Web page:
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Old 04-22-2017, 01:41 PM   #9
Peter Goldsbury
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Dojo: Hiroshima Kokusai Dojo
Location: Hiroshima, Japan
Join Date: Jul 2001
Posts: 2,244
Re: Transmission, Inheritance, Emulation 28 (Part One)

Erick Mead wrote: View Post
Look forward to it. "Many Dimensions" was a good romp.
This is a brief first stab at a much larger discussion, and perhaps it might need a separate thread. First, a ‘self-introduction.’

I was exposed to the study of languages and language from an early age, for my father was determined that I should receive the kind of education that the upheavals of World War II had denied him. This involved both practical and theoretical training in language. During World War II and the invasion of Normandy, he was billeted with a French family and our family became friends. This meant operating in French and I was exposed to French newspapers and magazines from around the age of four or five.

When older I was sent to an English private school and was lucky to have many language teachers: one each for French, Latin, Greek and German, and three different teachers for English language and literature. English language studies involved much attention to metaphor and how this actually worked, while English literature was divided into three broad sections, each with a separate teacher: Beowulf and Chaucer; Shakespeare; and English Literature after Shakespeare, especially the poetry of Donne and the metaphysical poets, like George Herbert, some modern novels, by E M Forster and others, and especially the poetry of Gerard Manley Hopkins. My teacher here had been taught by F R Leavis at Cambridge and he taught us the ‘practical criticism’ of I A Richards and Harley Granville Barker (Prefaces to Shakespeare). We never used textbooks. Instead we were given reading lists and borrowed the books from a large municipal library, which was a short walk from school.

After school, at 18, I went to France and studied ancient and modern philosophy, but in French. This mainly involved Plato and Sartre, but I enjoyed wandering around libraries in Paris. Back in England after a few years, I spent much time studying the poetry of Hopkins, but from the ‘inside’, so to speak. I had received a Catholic education and was a member of the Jesuits. So, this involved a long spell at St Beuno’s college in North Wales, where Hopkins spent much of his life. Hopkins’ theories of inscape and instress make much better sense if you have studied Duns Scotus and this was quite possible, even in a rigid order like the Jesuits.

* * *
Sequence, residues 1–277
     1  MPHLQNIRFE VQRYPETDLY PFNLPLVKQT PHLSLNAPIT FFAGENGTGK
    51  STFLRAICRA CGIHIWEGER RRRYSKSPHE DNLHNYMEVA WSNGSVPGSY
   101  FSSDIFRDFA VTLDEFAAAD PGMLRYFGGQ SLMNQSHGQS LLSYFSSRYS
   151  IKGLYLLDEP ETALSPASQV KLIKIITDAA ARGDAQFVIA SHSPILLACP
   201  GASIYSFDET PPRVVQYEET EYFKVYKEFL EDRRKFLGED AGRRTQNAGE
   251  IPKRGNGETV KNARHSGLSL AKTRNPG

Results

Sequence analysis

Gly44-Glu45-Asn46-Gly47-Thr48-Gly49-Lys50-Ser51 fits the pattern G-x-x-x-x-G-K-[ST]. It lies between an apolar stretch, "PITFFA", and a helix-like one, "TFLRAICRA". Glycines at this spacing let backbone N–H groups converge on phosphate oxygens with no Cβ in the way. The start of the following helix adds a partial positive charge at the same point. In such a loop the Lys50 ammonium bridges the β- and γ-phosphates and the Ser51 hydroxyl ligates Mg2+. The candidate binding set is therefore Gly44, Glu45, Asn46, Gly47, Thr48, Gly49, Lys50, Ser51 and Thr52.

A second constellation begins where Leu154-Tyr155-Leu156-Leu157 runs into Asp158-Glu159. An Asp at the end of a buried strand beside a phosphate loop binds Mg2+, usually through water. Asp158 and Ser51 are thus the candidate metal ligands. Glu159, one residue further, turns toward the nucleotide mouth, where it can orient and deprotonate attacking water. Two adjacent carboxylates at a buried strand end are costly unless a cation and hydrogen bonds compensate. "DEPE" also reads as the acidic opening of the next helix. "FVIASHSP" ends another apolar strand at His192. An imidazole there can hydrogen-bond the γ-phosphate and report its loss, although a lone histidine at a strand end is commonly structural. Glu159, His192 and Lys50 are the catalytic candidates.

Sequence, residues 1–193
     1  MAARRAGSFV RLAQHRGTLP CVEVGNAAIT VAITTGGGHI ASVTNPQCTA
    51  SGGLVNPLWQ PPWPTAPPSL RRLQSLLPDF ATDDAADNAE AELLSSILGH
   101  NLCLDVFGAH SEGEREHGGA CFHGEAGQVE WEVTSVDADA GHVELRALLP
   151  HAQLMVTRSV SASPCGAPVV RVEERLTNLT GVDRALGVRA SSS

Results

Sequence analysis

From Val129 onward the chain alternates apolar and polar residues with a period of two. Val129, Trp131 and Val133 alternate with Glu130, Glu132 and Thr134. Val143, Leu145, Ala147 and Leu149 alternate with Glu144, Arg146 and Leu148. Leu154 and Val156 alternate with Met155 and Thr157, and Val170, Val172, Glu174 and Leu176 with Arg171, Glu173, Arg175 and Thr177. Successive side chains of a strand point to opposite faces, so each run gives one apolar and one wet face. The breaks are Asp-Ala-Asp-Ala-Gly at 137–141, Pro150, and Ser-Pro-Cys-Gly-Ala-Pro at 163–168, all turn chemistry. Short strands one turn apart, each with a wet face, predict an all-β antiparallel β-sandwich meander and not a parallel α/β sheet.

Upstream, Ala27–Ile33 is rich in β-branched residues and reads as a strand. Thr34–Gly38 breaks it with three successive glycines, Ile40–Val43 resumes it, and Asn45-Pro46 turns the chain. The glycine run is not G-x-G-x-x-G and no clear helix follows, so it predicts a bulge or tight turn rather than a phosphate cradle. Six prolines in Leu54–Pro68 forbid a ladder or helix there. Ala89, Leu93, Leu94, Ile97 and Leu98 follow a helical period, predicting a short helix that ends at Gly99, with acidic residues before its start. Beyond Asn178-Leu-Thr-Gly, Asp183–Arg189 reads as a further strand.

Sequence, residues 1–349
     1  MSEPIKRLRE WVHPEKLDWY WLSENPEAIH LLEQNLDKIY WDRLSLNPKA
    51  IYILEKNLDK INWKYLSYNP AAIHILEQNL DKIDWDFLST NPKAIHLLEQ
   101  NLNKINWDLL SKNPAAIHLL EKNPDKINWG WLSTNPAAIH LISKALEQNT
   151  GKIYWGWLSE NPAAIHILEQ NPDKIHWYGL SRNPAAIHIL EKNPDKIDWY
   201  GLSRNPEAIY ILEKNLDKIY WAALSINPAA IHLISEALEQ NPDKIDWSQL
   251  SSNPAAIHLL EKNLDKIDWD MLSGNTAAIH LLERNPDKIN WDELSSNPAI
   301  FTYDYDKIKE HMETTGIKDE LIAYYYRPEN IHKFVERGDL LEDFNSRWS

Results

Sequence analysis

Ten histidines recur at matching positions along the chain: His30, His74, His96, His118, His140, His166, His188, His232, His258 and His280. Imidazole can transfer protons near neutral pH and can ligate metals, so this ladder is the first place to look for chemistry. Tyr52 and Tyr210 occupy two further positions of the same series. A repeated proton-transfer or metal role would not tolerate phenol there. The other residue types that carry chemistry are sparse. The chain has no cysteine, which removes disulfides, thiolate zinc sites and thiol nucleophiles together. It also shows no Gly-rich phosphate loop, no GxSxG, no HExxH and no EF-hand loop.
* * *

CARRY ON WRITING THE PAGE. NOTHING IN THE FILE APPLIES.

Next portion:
After the Jesuits, I needed a regular degree and went to Sussex University. This was in 1966 and Sussex was still quite small, with the ‘Oxbridge’ style of one-to-one teaching via tutorials. There were no faculties at Sussex, only ‘schools of study’ and I was in English and American Studies, but my main subject was philosophy. It was here that I had a literature teacher who had been exposed to the Inklings, especially the critical studies of Charles Williams and Owen Barfield. The main books here were The English Poetic Mind and Poetic Diction, but the rest followed. My way into C S Lewis was via his Allegory of Love (allegory is also a very powerful literary device), which also involved reading Dante, but I avoided his religious works and all the works of Tolkien until much later. In fact, it was two prolonged stays in hospital that allowed me, separately, to go through Lewis’s Narnia volumes and his ‘popular’ Christianity and through Tolkien’s cycle of Hobbit, the Rings trilogy and the Silmarillion. Tolkien, especially, was a revelation.

Along with literature, I had three teachers who specialized in Wittgenstein and they traced back their intellectual lineage to Wittgenstein himself. Sussex maintained a mansion in the South Downs and we could hire the place at weekends. I was in a philosophy-cum-literary society and I remember weekends spent with Gilbert Ryle and G E M Anscombe, who had translated Wittgenstein’s later work into English.

I continued studying Wittgenstein at Harvard, but combined this with intensive work on Plato and Aristotle, together with Greek prose, poetry and oratory. This provided sufficient background to do a Ph.D. on Aristotle’s theories of dialectic and how rhetoric and language lead to knowledge. In the meantime, Japan beckoned and I was fortunate not to go to Tokyo, but to Hiroshima, where the fact of the atomic bomb provides a locus for studying a whole cluster of issues involving language, culture, collective memory, and the mediation of meanings in language. Luckily, I had a succession of exacting teachers / tutors of Japanese language and literature, to whom I in turn taught English literature as I had learned it at Sussex. I now believe that such a background is very important in approaching someone like Morihei Ueshiba – and also seeing why it is actually so difficult to reach Ueshiba himself. You have to penetrate the veils of the Ueshiba family and what they stand for and also the benevolent work of popular translators like John Stevens.

I will stop here, but I strongly recommend approaching kotodama via Japanese literature and would suggest that Volume 1 of Konishi’s History of Japanese Literature as a good starting point, if you can find it. He uses kotodama as a way of organizing his material.

Apologies to all for the prolonged thread drift.

Best wishes,

P A Goldsbury
Kokusai Dojo,
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